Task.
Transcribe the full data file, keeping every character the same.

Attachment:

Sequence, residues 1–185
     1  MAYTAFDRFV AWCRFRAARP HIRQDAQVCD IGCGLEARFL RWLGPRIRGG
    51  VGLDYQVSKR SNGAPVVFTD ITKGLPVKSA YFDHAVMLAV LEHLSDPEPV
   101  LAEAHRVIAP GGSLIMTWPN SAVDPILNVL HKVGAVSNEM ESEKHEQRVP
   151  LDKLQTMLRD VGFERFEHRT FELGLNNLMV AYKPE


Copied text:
Sequence, residues 1–185
     1  MAYTAFDRFV AWCRFRAARP HIRQDAQVCD IGCGLEARFL RWLGPRIRGG
    51  VGLDYQVSKR SNGAPVVFTD ITKGLPVKSA YFDHAVMLAV LEHLSDPEPV
   101  LAEAHRVIAP GGSLIMTWPN SAVDPILNVL HKVGAVSNEM ESEKHEQRVP
   151  LDKLQTMLRD VGFERFEHRT FELGLNNLMV AYKPE